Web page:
A young Palestinian woman who lectures science courses at Bir Zeit university still shudders when she recalls that as she was trying to introduce Darwin's theory of evolution in her class a few months ago she was surrounded by 10 bearded, angry students who loudly branded her an "enemy of God."

At Najah University in Nablus, Mohammed Hassan Suwalha, a young lecturer active in the Palestinian nationalist movement on campus and opposed by fundamentalists, fled in terror from an angry mob during a student riot on Jan. 9 and was either pushed or forced to jump from a third floor window of a university building. He is still hospitalized.

At the Hebron Polytechnic Institute, several students were beaten when they tore down a poster denouncing the fundamentalist Moslem Brotherhood at Najah University. And in the Gaza Strip, Moslem fundamentalists at Azhar Islamic University routinely taunt Palestinian women who pass by the campus wearing tight designer jeans and stylish Western dresses.

While the advent of Islamic revivalism modeled after that popularized by Iran's Ayatollah Ruhollah Khomeini is not a new phenomenon to the occupied West Bank and Gaza Strip or even to predominantly Arab enclaves within Israel proper, it recently has begun to grow larger than ever on the campuses of Arab universities. The growth has come even though Moslems in the area belong to the Sunni sect rather than the Shiite sect that Khomeini leads.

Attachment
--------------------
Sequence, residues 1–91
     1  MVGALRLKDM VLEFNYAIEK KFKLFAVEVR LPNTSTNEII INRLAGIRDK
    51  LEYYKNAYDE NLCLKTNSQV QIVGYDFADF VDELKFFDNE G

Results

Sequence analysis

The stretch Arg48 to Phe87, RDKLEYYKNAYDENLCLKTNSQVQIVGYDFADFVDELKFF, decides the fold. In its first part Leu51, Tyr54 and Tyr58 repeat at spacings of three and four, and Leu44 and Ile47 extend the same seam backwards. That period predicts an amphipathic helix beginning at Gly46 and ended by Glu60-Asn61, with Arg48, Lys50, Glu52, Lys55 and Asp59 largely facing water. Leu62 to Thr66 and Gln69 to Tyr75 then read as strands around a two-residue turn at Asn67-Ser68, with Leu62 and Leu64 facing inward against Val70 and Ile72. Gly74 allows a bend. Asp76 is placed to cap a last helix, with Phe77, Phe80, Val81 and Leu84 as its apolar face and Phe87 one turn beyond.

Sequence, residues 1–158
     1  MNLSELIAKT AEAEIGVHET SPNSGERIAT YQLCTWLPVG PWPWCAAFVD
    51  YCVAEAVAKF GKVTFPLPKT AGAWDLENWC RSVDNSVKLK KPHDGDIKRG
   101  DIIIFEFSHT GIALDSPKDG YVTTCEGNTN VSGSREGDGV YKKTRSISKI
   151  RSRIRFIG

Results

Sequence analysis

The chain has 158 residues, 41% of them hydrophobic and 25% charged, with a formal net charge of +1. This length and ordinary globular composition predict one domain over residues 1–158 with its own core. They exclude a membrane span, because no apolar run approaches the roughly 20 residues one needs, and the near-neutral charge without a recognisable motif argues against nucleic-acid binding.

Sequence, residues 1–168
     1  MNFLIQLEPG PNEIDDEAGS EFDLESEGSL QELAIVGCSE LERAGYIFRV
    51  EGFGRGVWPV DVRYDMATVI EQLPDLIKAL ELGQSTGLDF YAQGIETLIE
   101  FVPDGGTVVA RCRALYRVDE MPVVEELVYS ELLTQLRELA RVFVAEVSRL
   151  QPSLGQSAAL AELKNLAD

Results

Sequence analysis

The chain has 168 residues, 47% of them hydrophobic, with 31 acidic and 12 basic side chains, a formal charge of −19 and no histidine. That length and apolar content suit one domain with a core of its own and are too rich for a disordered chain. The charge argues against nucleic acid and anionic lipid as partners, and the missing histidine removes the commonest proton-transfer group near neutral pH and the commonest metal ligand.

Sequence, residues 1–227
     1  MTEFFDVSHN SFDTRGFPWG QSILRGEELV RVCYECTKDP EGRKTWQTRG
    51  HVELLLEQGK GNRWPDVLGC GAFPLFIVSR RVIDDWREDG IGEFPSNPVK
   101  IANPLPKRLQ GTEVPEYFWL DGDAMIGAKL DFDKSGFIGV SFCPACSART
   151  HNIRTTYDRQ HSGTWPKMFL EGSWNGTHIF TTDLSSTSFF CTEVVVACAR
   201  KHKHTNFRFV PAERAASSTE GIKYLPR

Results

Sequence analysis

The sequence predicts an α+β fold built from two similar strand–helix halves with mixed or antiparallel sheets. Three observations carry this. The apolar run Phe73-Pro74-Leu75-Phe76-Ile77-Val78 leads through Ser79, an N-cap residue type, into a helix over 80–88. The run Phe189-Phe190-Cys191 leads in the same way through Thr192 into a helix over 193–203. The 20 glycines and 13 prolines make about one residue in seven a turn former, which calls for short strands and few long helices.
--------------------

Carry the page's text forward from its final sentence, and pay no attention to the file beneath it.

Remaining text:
At the same time, it is taking a sharper edge, challenging the once unquestioned dominance of the Marxist-oriented Palestinian nationalism on campus and giving rise to concern by university officials and Israeli occupation authorities alike. The movement generally has been confined to the campuses, but the schools traditionally have reflected the center of Palestinian nationalism and a base for Palestinian intellectuals.

At Bir Zeit, the West Bank's second largest university and long regarded by Israeli security officials as a hotbed of militant Palestinian nationalism, fundamentalist Moslem students last year carried more than 42 percent of the vote in balloting for the leadership of the 1,800-member student body, and there are indications that the Islamic bloc will control the student council after May elections. In 1978, the Moslem Brotherhood was not a factor in the student council election.

Islamic fundamentalists now control the student council at Najah, the largest West Bank university, and at Azhar university, and have made inroads in controlling curriculum, dress and behavior in accordance with the teachings of the Koran. Posters condemning "corrupt" Western behavior and such "enemies" of Islam as communism and secularism are abundant.